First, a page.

Have you ever admired the granite in someone’s kitchen and were afraid to ask how many dollars that set them back? Don’t let price deter you from considering them for your own home.
While it’s true that natural stone can be more expensive than other materials, it also has many benefits that other options, like laminate, wood, or tile don’t have.
Here’s the lowdown on granite countertop pricing and the benefits of choosing it for your home or business. And if you need to find a low priced local fabricator or two, we have you covered there too.
Is It Worth The Expense?
Many people choose granite for the look it creates in any kitchen or bathroom. It’s simply stunning, and due to the nature of this natural stone, no two slabs are exactly alike. This means your countertop will look truly unique, no matter what name you choose.
It’s also hard as, well, a rock. It’s durable and can take years of daily use without losing its good looks. It is also heat and scratch resistant as well as chemical and dent resistant. You can use your countertops for lots of different things and not worry about damaging the look of the countertops.
Related: Granite counters do require some maintenance. Here’s the easiest way to do it.
Also, apart from resealing your granite counters, there’s very little maintenance needed with them. A good sealant will prevent stains and make cleaning a breeze, so it’s easy to see why it’s such a popular choice in kitchens. We have a list of good sealers for you here.
Let’s Dive Into The Cost
The cost of granite varies depending on the type you use. It actually can be pretty cheap if you use tiles, but they also have far more seams and look less attractive than having customized countertops made. If the grout doesn’t match the tile exactly, it can look cheap and tacky.
The tiles can be as few as $5-15 per square foot. This doesn’t include the cost of installation, which can drive the final price up to between $10-40 per square foot.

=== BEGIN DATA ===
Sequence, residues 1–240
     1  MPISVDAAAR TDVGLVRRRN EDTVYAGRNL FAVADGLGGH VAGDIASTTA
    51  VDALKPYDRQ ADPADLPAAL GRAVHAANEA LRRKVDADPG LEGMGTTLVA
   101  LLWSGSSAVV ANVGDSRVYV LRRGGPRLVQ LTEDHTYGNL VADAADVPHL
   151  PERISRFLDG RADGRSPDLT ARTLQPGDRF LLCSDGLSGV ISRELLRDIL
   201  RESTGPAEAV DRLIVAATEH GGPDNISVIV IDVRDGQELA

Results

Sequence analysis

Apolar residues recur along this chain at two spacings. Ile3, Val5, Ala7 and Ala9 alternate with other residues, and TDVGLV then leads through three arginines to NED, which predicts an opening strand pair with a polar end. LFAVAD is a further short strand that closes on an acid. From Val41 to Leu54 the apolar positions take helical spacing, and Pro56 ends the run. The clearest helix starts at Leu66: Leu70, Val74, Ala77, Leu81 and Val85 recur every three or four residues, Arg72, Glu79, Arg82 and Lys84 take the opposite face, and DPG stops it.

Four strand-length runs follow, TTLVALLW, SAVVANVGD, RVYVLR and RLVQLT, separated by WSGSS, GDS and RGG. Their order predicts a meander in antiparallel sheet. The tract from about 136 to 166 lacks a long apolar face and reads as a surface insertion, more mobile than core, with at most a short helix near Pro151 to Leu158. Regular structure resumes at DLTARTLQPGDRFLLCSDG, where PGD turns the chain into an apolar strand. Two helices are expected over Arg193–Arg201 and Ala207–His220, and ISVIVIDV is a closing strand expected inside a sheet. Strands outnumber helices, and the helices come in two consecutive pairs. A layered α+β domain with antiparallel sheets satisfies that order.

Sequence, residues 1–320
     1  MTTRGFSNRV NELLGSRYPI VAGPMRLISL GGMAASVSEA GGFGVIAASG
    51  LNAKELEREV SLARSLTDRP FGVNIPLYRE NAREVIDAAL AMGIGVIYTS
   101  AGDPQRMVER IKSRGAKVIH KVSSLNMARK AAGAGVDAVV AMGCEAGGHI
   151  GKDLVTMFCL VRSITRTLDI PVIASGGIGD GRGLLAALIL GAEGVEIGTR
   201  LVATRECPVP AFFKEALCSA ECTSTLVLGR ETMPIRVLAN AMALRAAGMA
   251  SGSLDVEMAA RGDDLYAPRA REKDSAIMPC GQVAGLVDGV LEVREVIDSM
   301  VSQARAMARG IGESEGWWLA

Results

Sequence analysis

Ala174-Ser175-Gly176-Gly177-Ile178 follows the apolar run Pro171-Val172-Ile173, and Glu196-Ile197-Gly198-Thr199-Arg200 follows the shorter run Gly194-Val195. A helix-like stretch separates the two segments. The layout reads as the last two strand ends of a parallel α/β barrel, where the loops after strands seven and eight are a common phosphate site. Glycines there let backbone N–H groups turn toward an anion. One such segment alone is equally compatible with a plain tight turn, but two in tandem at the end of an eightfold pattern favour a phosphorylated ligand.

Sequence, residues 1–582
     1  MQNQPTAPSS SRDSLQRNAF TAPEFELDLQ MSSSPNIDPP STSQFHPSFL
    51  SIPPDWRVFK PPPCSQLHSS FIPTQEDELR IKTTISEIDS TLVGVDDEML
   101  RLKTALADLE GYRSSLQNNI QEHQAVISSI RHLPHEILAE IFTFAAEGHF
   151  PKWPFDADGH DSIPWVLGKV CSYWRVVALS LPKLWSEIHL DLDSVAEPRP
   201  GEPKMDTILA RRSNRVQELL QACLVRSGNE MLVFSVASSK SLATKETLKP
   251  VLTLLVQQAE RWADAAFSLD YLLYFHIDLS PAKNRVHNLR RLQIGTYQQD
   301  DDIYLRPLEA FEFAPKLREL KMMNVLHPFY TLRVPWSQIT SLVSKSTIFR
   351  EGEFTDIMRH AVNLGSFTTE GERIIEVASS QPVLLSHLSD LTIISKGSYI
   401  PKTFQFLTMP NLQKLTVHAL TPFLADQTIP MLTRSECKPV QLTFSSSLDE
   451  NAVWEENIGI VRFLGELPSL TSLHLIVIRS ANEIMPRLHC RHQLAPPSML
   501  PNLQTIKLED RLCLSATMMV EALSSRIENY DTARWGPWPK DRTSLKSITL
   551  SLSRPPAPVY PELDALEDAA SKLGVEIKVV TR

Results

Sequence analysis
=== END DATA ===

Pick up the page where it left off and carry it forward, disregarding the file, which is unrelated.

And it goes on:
The average expense of a granite slab is more, ranging between $45 and $200 per square foot, including installation. The price of a slab can vary greatly depending on a number of factors including the quality of the stone, the thickness of it, the design of the countertop, and the size of the countertops.
How To Keep The Price Down
When you ask around for quotes on granite countertops, there are a number of things that will impact the figures you receive. You can’t get an accurate estimation of your final tally by simply looking at the cost of the stone–there are far too many other factors that will have an impact on the bottom line.
Location of the company - Choose a local stone yard they will also fabricate and installs the counters. This will save you not only money, since the finished product won’t have to be transported very far to reach your home, but it will also save you a lot of trouble. One-stop shopping is definitely the way to go!
When you wondering why it’s so expensive, you have to remember to factor in the cost of design, fabrication, and installation. If you’re using one company for all of these services (as well as ordering your stone from them), you’ll get a better price than if you buy cheap material from one supplier and try to have someone else do the fabrication and installation.